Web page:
This is where the article began – with the question of power and who has the power to name, impose and legitimate appellations and who has the power to create, interpret and consequently act. Derrida is writing these words as an Algerian Jew, speaking French as his first language.

He says, ‘We only ever speak one language’ (Derrida 1998:10). In this statement, Derrida (1998) is referring to his relationship to French, where French is the monolinguialism that is imposed on the colonial people by the colonial masters:

First and foremost, the monolingualism of the other would be that sovereignty, that law originating from elsewhere, certainly, but also primarily the very language of the Law. And the Law as Language. Its experience would be ostensibly autonomous, because I have to speak this law and appropriate it in order to understand it as if I was giving it to myself, but it remains necessarily heteronomous, for such is, at bottom, the essence of any law. (p. 39)

The monolingualism imposed by the other operates by relying upon that foundation, here, through a sovereignty whose essence is always colonial, which tends, repressively and irrepressibly, to reduce language to the One, that is, to the hegemony of the homogeneous. (pp. 39–40)

In a global world, we only ever speak one language – the language of the West that we speak within the Christian Text and we cannot avoid it. This is a very strong statement. Is it possible to make such strong statements?

Derrida, writing as an Algerian Jew, is writing from the position of somebody who both loves the French language and as somebody who has been subjected to the French colonial masters of Algeria as well as the subjugation of the Jews.

So with all those who have been subjected to speaking and writing in another language than their own, we can ask: Who is the other? Whose language do we speak? Whose language do I speak? In whose world do I live, who interprets my world and who acts in my world according to whose interpretation? I speak the language that has fabricated the world that I live in. I speak the language that has allowed my world (the world I predominantly live in) to appear. It is a world created by this monolingualism of the global media houses that tell me how to interpret Charlie Hebdo. ‘It was a terrorist attack by evil fundamentalist terrorist who are against liberty, free speech and democracy and who want to entrap us all in their unfreedom and enslavement’.

Yet, who or what is this one language? Derrida speaks of spectrality (1998:42) in reference to this one language. There are numerous conspiracy theories about who is behind all this, as if this one language is masterminded by an individual or a group of very powerful individuals. But, is that true?

That is the dominant Text and yet there have been numerous other, admittedly smaller, weaker texts, which offer a different interpretation of these events. What are these smaller, weaker texts? Are they not just alternative attempts at a different or alternative monolingualism?

But even these alternative texts, do they not also speak the language of the other? Do I not speak the language of the other, even when I speak my mother tongue? It is always the language of the other, the language that I have inherited.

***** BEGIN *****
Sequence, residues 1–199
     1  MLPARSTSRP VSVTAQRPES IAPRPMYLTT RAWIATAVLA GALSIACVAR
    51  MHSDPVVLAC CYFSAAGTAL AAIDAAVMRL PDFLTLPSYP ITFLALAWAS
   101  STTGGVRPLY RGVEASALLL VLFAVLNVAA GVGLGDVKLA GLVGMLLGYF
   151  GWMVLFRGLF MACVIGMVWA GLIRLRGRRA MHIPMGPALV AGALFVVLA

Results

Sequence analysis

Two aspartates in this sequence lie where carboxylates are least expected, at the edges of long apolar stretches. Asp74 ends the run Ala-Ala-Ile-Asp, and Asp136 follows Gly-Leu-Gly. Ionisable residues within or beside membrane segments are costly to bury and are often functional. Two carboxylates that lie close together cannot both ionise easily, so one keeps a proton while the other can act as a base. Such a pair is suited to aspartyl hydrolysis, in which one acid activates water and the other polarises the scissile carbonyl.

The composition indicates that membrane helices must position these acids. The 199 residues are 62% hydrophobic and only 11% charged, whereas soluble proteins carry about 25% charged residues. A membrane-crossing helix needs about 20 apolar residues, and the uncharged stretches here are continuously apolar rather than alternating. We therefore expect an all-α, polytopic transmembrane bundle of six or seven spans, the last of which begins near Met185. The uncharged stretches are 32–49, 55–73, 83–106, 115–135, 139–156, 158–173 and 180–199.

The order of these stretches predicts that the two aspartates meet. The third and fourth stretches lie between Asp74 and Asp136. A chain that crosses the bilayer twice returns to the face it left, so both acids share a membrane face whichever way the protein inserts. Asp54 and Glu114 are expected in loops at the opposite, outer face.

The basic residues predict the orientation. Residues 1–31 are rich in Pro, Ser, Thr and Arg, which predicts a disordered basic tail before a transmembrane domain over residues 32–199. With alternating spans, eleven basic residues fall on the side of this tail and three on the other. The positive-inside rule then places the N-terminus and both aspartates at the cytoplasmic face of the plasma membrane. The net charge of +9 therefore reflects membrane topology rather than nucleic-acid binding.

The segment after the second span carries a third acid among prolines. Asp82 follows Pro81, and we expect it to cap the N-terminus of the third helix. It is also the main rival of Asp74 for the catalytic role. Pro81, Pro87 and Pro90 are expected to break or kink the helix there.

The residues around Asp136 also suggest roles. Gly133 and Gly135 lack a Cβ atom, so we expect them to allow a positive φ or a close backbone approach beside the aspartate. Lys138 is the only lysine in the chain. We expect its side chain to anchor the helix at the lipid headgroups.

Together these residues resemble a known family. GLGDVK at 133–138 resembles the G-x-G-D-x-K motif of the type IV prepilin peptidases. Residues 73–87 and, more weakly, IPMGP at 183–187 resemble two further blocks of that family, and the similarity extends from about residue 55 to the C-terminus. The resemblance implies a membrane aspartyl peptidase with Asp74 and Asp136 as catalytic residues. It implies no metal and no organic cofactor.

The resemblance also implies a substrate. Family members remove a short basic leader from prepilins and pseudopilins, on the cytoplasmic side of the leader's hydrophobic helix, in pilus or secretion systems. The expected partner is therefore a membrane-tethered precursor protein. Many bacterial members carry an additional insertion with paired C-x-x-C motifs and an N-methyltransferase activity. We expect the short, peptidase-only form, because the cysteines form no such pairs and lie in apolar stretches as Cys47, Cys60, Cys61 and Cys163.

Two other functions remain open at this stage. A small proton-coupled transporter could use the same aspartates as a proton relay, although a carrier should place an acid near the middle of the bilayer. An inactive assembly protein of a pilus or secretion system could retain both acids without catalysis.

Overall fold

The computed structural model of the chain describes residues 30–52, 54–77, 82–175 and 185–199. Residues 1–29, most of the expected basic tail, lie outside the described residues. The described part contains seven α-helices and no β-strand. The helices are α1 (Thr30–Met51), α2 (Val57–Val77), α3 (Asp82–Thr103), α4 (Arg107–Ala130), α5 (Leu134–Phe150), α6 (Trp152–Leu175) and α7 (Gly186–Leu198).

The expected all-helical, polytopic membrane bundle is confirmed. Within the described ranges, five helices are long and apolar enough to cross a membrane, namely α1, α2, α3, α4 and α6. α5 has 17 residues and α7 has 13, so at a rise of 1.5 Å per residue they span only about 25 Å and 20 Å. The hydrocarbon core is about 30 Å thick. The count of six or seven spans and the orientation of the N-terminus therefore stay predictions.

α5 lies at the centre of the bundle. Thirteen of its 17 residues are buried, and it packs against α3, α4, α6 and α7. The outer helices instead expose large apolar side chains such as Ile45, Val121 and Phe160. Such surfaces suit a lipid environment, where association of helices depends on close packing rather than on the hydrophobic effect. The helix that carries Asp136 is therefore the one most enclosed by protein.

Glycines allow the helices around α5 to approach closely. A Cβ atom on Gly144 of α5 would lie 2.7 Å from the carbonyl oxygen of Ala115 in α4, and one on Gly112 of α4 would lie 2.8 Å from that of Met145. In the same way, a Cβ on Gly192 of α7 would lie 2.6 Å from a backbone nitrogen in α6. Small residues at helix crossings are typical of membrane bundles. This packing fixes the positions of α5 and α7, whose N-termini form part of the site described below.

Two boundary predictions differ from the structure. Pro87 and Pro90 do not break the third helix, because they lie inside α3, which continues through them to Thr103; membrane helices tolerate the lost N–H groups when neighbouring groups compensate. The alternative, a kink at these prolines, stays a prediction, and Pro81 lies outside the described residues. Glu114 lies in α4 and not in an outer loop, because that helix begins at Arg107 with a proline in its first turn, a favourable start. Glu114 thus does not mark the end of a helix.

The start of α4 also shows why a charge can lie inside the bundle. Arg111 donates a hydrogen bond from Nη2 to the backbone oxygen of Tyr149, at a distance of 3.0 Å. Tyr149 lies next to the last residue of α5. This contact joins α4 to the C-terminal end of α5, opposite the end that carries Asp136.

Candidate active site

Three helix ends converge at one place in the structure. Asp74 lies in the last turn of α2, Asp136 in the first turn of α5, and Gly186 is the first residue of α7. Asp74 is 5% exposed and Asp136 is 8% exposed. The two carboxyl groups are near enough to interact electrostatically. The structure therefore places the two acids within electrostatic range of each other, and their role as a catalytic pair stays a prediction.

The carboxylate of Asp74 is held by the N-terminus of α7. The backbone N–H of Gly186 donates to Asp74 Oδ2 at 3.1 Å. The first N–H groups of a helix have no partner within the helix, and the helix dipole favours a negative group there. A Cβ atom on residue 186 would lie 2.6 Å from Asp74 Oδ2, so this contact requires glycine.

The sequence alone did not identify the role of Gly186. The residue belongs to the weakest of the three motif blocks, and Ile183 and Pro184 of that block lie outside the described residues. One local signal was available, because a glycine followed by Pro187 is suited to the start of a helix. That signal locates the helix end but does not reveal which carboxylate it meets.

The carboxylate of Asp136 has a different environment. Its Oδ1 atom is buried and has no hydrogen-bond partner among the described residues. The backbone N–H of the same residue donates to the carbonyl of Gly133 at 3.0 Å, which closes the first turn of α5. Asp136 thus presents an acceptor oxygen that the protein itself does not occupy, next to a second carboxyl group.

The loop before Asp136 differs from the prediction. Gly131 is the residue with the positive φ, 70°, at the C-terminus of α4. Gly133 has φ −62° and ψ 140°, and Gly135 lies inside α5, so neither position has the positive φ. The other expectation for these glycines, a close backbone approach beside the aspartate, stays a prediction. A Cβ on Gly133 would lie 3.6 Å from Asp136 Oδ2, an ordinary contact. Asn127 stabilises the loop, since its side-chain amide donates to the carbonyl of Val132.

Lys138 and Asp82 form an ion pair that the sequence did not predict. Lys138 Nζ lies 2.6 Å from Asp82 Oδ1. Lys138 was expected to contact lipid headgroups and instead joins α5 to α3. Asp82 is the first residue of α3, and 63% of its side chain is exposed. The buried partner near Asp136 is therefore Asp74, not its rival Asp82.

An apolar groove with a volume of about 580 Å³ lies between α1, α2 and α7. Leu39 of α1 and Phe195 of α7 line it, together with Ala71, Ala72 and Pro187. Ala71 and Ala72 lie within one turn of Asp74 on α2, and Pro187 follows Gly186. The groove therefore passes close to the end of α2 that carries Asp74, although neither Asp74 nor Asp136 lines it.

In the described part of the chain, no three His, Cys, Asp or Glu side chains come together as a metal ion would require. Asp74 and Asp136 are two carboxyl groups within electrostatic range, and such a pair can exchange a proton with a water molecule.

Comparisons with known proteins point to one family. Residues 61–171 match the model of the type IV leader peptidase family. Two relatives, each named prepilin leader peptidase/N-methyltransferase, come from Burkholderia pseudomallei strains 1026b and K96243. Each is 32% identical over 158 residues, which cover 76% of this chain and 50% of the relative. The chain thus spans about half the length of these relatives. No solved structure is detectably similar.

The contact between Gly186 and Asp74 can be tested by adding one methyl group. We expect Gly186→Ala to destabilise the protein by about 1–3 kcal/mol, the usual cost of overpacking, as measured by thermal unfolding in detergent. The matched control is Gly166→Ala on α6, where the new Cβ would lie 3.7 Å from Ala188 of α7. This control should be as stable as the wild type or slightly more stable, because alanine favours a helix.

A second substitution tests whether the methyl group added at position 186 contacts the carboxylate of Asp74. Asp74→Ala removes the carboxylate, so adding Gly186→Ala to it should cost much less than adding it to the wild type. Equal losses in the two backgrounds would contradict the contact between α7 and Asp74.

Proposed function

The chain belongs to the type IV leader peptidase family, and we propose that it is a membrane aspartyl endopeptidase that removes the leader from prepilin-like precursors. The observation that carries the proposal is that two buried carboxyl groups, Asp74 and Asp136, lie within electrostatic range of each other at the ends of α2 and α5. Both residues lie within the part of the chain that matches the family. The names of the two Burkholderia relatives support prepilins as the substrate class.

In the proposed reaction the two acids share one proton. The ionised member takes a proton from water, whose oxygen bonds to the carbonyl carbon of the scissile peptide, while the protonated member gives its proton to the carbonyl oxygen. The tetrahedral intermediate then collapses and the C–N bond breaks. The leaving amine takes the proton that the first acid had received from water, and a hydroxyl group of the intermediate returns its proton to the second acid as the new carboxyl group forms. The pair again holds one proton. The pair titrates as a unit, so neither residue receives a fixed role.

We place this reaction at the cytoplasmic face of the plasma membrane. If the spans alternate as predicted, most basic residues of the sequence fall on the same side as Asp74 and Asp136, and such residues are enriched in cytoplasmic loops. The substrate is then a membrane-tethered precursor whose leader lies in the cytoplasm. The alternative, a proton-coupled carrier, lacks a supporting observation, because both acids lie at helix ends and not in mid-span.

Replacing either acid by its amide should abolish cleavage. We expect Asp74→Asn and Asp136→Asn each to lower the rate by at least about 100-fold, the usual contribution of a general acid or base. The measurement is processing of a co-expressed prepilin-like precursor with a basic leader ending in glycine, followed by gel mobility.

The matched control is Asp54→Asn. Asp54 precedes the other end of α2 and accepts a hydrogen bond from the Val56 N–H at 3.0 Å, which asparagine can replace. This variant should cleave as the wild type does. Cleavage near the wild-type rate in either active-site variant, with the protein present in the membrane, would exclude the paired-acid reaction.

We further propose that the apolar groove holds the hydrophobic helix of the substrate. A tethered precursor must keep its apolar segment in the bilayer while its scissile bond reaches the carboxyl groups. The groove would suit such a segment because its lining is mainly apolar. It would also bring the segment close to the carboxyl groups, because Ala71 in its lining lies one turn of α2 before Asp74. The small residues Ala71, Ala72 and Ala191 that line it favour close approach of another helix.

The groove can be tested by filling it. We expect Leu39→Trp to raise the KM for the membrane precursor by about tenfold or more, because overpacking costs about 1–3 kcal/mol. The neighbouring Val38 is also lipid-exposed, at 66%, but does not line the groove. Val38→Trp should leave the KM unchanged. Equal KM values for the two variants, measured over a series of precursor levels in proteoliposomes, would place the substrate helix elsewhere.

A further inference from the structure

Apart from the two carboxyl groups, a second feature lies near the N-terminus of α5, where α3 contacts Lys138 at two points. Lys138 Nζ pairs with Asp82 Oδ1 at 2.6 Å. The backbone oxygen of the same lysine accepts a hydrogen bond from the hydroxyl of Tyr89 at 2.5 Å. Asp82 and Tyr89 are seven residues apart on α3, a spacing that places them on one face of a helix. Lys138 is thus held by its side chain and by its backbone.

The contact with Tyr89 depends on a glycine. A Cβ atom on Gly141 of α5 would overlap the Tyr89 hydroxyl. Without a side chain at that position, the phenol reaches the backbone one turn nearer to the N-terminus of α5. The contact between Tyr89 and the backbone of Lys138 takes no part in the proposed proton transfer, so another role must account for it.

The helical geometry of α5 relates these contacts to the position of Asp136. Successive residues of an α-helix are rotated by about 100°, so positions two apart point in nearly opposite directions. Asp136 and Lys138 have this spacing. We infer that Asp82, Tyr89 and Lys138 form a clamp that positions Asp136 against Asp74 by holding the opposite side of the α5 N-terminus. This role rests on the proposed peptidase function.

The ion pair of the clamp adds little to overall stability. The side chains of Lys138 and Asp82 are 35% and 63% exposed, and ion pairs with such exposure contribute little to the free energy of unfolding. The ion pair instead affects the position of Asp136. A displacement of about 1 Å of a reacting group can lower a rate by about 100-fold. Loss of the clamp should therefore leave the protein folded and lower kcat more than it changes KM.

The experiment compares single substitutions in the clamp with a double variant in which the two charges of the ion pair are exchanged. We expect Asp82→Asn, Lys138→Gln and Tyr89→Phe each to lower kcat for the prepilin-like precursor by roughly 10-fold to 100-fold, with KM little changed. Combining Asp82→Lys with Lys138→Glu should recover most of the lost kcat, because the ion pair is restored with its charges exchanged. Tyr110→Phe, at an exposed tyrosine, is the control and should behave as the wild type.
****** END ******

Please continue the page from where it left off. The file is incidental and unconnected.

We always speak only one language – the language of the other!

How to counter this monolingualism when the very words that are used to counter it, belong to it:

All these words: truth, alienation, appropriation, habitation, one’s-home [chez-soi], ipseity, place of the subject, law, and so on remain, in my eyes, problematic. Without exception, they bear the stamp of the metaphysics that imposed itself through, precisely, this language of the other, this monolingualism of the other. (Derrida 1998:59)

What are these small, weak alternative stories? They are not really alternative, but deconstructive writing that attacks the body of the language, the only language.

The idea is not to try and focus on these ‘alternative languages’ as they are just attempts at monolingualism in themselves, but rather to focus on the idea that the monolingualism is not my language, but the language of the spectral other. It is always the language of the other (Derrida 1998:63).

Yet, this relationship to the language of the Other, colonial master is not only the relationship to this colonial language, but it is the relation we have with any language, even our mother tongue:

… we speak only one language – and that we do not own it. We only ever speak one language – and, since it returns to the other, it exists asymmetrically, always for the other, from the other, kept by the other. Coming from the other, remaining with the other, and returning to the other. (Derrida 1998:40)

How to speak? How to think? How to be a practical theologian?

These questions are not to be answered in a singular universal way, as if one could find the way to speak, to think and to be. These questions are always subjective questions, my questions. How to speak, to think and to be a theologian in a world where Charlie Hebdo attracts world leaders to Paris whilst numerically more deaths, but black deaths in Baga, attract not even headlines? How to be a practical theologian in South Africa when my language carries a heavy burden of guilt?